Risk is the word of the day. For government officials trying to get the national and state economies working again. For the big corporations trying to figure why they failed or are failing. But risk also is a concern of the rest of us.
This new recession is hard on the wealthy but is hardest on the poor and middle class, as was the Great Depression of the 1930s. Then and now, risk for the masses has involved the grave possibilities of job loss, unexpected illness or injury, loss of a home, and the prospect of retiring into poverty.
Risk long ago was an individual concern. Families faced hard times by themselves and helped each other to survive. Things got much worse in the Great Depression, and the risks were too much for many families and individuals. President Franklin D. Roosevelt’s New Deal dealt with the emergency by putting in place a safety net that spread the major risks throughout the nation on the classic insurance principle. Unemployment insurance eased loss of a job. Social Security helped finance retirement and disability.
In 1965, President Lyndon Johnson’s Great Society created Medicaid and Medicare to serve health needs of the aged, the disabled and the poor. Business helped employees face risk by starting traditional fixed-rate pensions as a standard part of compensation.
The whole system worked rather well until a growing movement took offense at what it considered “socialism” and went on the attack. Its leaders included Presidents Reagan and both Bushes. They pressed the issue of “moral hazard,” the allegedly inevitable chain of events that insurance against risk reduces the incentive to avoid risk. Their slogans were “Personal Responsibility” and George W. Bush’s “Ownership Society.”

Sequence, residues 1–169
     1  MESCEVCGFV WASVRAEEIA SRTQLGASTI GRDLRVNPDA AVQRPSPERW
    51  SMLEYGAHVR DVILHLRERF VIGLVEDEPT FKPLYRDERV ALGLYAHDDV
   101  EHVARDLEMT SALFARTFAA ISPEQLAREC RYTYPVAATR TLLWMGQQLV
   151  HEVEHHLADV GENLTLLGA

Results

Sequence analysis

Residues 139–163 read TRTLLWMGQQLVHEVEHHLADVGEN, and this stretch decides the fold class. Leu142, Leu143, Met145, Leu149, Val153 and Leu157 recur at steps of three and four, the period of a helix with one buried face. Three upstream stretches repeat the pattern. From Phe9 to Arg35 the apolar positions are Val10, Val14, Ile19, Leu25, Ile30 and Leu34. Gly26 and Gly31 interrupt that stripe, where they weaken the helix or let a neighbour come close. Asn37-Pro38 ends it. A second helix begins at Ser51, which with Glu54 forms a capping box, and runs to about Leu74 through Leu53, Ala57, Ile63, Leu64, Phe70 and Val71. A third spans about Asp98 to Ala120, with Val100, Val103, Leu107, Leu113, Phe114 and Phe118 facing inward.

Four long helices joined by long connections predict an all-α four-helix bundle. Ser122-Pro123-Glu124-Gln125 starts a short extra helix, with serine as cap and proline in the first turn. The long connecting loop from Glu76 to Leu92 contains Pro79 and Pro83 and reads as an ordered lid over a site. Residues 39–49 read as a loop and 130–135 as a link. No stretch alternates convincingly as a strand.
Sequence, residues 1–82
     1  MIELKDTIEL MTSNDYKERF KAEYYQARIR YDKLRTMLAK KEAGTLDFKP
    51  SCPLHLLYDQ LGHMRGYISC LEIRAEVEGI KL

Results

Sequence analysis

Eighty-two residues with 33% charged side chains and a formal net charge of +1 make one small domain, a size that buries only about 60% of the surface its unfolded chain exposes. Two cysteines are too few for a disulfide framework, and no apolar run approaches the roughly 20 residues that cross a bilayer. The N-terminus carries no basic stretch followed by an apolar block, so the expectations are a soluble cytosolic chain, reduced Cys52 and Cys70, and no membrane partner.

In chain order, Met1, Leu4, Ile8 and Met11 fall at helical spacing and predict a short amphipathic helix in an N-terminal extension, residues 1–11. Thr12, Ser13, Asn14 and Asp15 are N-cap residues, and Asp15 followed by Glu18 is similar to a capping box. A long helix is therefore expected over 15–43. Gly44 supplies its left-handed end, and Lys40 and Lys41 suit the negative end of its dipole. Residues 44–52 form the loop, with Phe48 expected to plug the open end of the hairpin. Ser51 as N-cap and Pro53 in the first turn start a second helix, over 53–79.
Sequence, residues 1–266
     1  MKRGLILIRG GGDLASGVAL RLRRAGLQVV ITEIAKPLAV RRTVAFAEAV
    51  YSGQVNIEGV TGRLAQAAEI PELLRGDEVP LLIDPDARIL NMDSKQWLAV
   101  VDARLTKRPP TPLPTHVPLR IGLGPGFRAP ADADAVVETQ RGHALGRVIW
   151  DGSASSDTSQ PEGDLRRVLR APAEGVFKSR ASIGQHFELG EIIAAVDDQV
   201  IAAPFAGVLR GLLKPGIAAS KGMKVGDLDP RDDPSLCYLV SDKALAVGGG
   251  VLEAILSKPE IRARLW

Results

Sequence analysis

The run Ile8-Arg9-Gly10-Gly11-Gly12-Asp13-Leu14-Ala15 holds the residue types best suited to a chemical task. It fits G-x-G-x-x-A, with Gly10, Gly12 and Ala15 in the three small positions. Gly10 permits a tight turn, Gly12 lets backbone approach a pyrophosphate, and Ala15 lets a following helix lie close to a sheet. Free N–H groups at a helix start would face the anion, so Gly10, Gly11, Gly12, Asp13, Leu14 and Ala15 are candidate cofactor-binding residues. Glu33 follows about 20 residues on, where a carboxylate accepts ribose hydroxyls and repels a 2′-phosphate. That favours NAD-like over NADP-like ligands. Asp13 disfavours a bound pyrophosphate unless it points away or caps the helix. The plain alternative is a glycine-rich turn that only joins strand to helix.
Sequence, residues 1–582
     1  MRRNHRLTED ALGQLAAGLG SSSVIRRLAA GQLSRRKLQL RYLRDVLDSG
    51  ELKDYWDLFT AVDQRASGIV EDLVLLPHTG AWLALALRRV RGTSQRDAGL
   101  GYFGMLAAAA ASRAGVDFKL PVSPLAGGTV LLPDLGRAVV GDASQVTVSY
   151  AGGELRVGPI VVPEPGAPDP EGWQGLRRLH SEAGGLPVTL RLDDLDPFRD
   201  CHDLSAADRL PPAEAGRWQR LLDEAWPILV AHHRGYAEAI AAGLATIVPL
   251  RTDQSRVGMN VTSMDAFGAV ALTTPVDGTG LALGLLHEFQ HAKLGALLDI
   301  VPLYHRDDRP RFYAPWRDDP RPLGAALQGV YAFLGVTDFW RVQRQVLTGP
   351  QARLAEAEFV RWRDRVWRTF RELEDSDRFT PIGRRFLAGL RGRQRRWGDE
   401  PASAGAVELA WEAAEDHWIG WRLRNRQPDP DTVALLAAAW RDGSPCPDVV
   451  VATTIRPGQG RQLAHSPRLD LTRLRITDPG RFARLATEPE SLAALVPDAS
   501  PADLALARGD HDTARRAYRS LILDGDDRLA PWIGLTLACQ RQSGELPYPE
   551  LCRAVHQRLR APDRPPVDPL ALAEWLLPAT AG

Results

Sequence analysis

They tried at least to cut back Social Security and have succeeded in persuading many younger Americans that Social Security, Medicare and Medicaid will no longer exist by the time they retire.
To replace social risk management, they promoted “private risk management” through such devices as Individual Retirement Accounts and Health Savings Accounts. Business has been discontinuing traditional pension plans and substituting 401(k) plans in which employees manage their own investments and experience the risks of the market.
Jacob S. Hacker, a professor of political science at Yale, has told the whole story in his 2006 book, “The Great Risk Shift: The New Economic Insecurity and the Decline of the American Dream.” A revised edition came out last January as the current meltdown was well under way.
If you feel uneasy, it will help explain why.